Basic Education Minister Angie Motshekga on Friday denied accountability in the Limpopo textbook saga where schools in the province were without books for the first seven months of the school year in 2012.
"It [delivering textbooks] is an administrative function and it has nothing to do with me as a minister," she told The New Age business briefing in Johannesburg.
"Basically, the problem lies with the administration and not the political office... The problem lies in the province... It is a provincial problem."
She said investigations were underway to see which officials were responsible for the textbooks not being delivered.
On 8 January, the department said at least 98 percent of textbooks had be delivered to inland schools ahead of the first day of school.
Speaking on the court decision to halt the closure of 17 schools in the Western Cape, she said the department understood there were procedures to follow and they lost the court case because they did not follow those procedures.
"There is a procedure for school closures and we have to consult and there is a reason we have to consult — so that communities can prepare themselves for alternatives," she said.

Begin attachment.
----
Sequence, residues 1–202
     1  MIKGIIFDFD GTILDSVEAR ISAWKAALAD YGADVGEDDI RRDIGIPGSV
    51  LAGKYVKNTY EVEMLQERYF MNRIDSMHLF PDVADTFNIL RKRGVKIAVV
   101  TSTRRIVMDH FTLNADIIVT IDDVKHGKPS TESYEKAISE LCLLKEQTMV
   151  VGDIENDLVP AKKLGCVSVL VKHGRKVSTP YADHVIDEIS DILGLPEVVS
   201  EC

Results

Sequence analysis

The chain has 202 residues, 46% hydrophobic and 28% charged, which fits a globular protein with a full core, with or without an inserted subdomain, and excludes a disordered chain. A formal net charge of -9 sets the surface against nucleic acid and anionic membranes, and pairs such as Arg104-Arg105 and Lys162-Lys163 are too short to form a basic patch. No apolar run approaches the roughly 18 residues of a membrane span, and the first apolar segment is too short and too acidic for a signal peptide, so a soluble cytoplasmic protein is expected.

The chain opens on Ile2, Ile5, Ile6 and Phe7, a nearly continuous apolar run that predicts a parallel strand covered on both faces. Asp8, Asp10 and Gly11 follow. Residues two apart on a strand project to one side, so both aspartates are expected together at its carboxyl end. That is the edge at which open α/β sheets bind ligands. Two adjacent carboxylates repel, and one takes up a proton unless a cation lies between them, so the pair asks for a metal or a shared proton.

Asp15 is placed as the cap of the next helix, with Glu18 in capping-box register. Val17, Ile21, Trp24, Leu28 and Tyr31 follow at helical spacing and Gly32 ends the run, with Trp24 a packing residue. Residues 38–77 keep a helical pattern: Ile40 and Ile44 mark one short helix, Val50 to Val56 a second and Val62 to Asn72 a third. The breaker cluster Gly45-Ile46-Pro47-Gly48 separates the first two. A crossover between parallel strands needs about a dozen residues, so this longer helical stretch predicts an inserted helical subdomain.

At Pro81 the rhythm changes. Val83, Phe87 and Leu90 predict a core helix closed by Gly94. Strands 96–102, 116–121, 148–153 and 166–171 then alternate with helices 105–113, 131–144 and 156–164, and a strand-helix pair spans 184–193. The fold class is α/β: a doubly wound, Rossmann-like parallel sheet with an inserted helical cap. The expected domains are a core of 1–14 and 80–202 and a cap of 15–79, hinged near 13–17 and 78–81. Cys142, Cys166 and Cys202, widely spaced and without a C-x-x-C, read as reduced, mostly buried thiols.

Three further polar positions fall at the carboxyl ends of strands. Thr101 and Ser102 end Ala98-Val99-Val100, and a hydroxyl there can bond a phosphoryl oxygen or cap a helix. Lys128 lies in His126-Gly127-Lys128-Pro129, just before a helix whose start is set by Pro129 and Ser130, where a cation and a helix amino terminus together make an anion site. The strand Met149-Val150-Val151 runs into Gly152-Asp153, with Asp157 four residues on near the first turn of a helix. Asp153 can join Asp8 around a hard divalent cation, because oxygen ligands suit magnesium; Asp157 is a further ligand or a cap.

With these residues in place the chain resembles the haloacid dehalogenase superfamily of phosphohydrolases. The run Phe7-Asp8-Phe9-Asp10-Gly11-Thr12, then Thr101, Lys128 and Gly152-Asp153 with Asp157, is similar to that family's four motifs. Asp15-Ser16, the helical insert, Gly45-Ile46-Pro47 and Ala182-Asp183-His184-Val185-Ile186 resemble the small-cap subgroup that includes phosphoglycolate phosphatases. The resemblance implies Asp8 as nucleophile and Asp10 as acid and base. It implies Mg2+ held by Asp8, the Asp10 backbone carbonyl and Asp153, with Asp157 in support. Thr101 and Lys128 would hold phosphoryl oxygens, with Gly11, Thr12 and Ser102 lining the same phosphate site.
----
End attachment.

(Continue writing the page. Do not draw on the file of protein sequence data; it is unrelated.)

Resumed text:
"On principal, where schools are not viable they have to be closed. But there are legal procedures that have to be followed. We lost the case because of our failure to follow the legal procedures..."
In October, Western Cape education MEC Donald Grant announced that 20 schools — later 18 — would be closed because of dwindling pupil numbers and multi-grade teaching.
In December, the Western Cape High Court granted 17 of the schools an urgent interdict halting the closures.
Mothsekga said there was nothing wrong with closing schools and the department would follow procedures if they saw a school should be closed.
She told the business breakfast that progress was made in education but there were still challenges. Decisions made in recent years had been the right ones.
"This [2012 matric results] is good news that the tide has turned but we are not seeing the results we need to see as yet.... There is still a long way to go."
On 2 January, Motshekga announced that the matric pass rate in South Africa improved in 2012 with 73.9 percent of grade 12s passing their final exams.
This was an improvement on the 70.2 percent pass rate in 2011.
She told the business breakfast that in 2013 the department would continue to focus on the priorities and that the main priority was to sustain the results.
Of the 623 897 who wrote the NSC exams in 2012, over 136 000 pupils achieved results that qualified them to go to university. Another 135 000 got results that would allow them to attend other higher education institutions.